Redeemer of Man, conclusion

Two concluding thoughts from Redeemer of Man
First, Fidelity is important for the witness of the Church. Pope John Paul explains the that faith is a response to revelation and therefore fidelity to the truth is paramount — fidelity to Christ’s teaching as it comes through the Church.
Faith is a supernatural virtue “infused into the human spirit” and it makes us sharers in knowledge of God. For this reason all believers share in the prophetic office of Christ and we must be ready to speak he truth in and out of season, speaking the “whole truth about man and God.”
To appropriate the truth of the Gospel we do need study — the study of the Bible and the sacred tradition; study of Vatican II and papal encyclicals. (Here again I mention that facilitation of this study is one great goal of the Pope John Paul II Forum) John Paul s out study to our love of the Gospel:
“Being responsible for that truth also means loving it and seeking the most exact understanding of it, in order to bring it closer to ourselves and others in all its saving power, its splendour and its profundity joined with simplicity. This love and this aspiration to understand the truth must go hand in hand, as is confirmed by the histories of the saints in the Church. These received most brightly the authentic light that illuminates divine truth and brings close God’s very reality, because they approached this truth with veneration and love — love in the first place for Christ, the living Word of divine truth, and then love for his human expression in the Gospel, tradition and theology.” §19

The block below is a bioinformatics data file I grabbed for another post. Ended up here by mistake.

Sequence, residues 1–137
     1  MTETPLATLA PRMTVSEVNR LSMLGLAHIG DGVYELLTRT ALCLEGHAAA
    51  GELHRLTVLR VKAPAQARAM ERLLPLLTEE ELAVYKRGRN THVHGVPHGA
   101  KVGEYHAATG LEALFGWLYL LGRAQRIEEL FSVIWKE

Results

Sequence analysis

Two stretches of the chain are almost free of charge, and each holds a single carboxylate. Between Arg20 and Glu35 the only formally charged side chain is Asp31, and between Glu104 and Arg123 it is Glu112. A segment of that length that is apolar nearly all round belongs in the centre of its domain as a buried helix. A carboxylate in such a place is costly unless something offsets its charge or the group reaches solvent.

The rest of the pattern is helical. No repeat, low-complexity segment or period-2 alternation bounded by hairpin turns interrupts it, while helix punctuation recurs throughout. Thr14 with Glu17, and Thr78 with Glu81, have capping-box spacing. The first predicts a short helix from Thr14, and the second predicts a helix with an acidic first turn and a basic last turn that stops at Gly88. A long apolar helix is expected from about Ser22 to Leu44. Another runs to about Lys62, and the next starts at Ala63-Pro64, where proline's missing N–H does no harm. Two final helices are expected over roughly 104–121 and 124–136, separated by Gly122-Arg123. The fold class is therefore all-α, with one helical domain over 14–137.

It is love that fuels our quest for knowledge. Those remarks should come to define our lives as Christians who share in the prophetic office of Christ.
I cannot resist a reference to Newman one more time. In a homily on “watching for Christ,” he explains the attentiveness to Christ as follows:
“They, then, watch and wait for their Lord, who are tender and sensitive in their devotion towards Him; who feed on the thought of Him, hang on His words; live in His smile, and thrive and grow under His hand. They are eager for His approval, quick in catching His meaning, jealous of His honour. They see Him in all things, expect Him in all events, and amid all the cares, the interests, and the pursuits of this life, still would feel an awful joy, not a disappointment, did they hear that He was on the point of coming. ‘By night I sought Him whom my soul loveth,’ says the inspired canticle; ‘I sought Him and found Him not. I will rise, and in the streets and broad places will I seek Him.’ Must I be more definite in my description of this affectionate temper?” [Find the entire sermon here.]
The second concluding thought really follows from the previous one. John Paul concludes with this thought: “The full truth about human freedom is indelibly inscribed on the mystery of the Redemption. The Church truly serves mankind when she guards this truth with untiring attention, fervent love and mature commitment and when in the whole of her own community she transmits it and gives it concrete form in human life through each Christian’s fidelity to his vocation.” §21
John Paul II described the Church as the guardian of freedom; the guardian of the treasure of the the Redemption; and now he concludes by saying the Church is the guardian of the truth about human freedom.
Redeemer of Man was issued in 1979; John Paul II explained that he composed it in his heart and head in the years following Vatican II. As we look back we can see how this single document defined his long pontificate of 26 years. John Paul the Great — Guardian of truth, freedom, and the treasure of great price.
‘Santo Subito’ — ‘Sainthood now’


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